Pooled Funds: Externally managed investment portfolios that aggregate assets from individual investors for the purposes of investment.
Portfolio: A collection of financial investments such as stocks, bonds, commodities, cash, and cash equivalents.
Portfolio turnover: The measure of how quickly securities in a fund are either bought or sold by the asset manager, over a given period of time.
Request for Proposal (‘RFP’): The document that outlines the asset owners intent to purchase asset management services for a pool of assets which is used to invite proposals from asset managers. The RFP will typically describe the nature of the assets to be managed, the proposed terms and duration of the service, and the asset owner’s investment objectives. The RFP may be accompanied by a separate Due Diligence Questionnaire requesting information about the asset manager’s capabilities and policies.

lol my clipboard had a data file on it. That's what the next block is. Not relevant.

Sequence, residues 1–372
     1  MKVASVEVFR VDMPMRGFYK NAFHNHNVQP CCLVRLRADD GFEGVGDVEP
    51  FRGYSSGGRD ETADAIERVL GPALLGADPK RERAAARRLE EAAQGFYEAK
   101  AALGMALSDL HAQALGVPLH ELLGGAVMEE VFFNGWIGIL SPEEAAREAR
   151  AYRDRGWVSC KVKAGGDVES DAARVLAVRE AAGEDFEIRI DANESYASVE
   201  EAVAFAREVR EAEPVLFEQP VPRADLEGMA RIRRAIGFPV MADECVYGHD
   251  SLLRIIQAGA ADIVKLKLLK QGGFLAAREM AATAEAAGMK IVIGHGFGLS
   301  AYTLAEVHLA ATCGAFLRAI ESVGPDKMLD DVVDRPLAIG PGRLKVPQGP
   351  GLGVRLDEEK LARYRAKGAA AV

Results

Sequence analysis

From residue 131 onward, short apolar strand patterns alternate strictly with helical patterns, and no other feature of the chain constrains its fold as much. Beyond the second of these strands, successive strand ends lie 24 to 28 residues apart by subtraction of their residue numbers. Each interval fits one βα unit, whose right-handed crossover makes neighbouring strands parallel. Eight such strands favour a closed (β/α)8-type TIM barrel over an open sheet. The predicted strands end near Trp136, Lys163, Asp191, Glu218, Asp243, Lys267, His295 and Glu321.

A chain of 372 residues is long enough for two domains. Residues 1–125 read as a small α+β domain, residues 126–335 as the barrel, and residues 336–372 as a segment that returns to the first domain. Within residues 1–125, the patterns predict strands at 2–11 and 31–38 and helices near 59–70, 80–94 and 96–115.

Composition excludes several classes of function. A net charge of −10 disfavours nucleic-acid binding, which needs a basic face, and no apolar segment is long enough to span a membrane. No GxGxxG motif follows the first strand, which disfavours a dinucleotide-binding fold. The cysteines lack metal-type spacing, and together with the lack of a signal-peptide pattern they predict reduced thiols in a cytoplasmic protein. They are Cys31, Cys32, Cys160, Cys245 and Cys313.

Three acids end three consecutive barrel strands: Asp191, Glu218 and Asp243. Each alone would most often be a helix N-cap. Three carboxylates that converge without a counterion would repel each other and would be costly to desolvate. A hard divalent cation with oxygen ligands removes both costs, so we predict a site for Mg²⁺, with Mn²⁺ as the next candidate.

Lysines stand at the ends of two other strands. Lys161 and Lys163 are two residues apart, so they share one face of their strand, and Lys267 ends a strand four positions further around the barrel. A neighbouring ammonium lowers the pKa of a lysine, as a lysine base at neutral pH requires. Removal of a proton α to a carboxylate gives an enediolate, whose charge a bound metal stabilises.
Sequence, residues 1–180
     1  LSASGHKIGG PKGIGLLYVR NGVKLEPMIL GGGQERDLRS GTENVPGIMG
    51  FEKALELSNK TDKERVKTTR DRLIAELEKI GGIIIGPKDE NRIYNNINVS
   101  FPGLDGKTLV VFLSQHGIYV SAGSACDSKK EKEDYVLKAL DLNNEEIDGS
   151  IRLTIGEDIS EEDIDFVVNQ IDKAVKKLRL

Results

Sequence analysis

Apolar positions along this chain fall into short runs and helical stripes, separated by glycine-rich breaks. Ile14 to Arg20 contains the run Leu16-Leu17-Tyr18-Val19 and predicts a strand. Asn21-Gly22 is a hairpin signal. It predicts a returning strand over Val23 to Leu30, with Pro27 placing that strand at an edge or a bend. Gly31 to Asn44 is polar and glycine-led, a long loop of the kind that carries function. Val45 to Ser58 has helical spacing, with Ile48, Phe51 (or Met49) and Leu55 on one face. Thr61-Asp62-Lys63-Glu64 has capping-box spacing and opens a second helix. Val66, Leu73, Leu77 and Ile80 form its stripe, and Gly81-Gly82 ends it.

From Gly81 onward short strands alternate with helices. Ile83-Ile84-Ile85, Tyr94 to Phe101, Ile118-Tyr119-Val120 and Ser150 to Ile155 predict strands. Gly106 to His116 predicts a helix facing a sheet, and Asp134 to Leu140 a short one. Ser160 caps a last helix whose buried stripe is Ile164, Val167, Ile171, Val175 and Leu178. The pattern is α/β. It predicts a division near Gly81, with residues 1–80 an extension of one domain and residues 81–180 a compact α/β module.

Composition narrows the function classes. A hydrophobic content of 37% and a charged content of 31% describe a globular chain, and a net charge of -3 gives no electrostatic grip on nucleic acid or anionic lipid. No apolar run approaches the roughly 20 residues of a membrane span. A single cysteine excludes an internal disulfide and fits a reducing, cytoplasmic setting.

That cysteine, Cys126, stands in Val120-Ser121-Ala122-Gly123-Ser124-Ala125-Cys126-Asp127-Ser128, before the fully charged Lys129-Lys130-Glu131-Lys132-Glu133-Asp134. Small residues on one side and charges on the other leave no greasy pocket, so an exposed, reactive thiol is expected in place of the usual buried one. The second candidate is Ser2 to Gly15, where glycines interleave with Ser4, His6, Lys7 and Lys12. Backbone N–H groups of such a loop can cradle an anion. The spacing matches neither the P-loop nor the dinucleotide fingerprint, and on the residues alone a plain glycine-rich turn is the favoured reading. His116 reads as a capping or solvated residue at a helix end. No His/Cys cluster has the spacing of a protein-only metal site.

Responsible Investment Policy: A document that captures an organisation’s strategy to incorporate environmental, social and governance (ESG) factors in investment decisions and active ownership. An organisation’s responsible investment policy can take many shapes. It may involve embedding responsible investment considerations into the organisation’s main investment policy. It could also consist of a standalone responsible investment policy.
Risk Management: The processes an organisation uses to identify, assess and manage risks. In the context of Draft Clauses 27 and 28 it refers to how the asset manager manages risks across the full range of its activities, rather than the individual risk assessments made in the management of investment portfolios.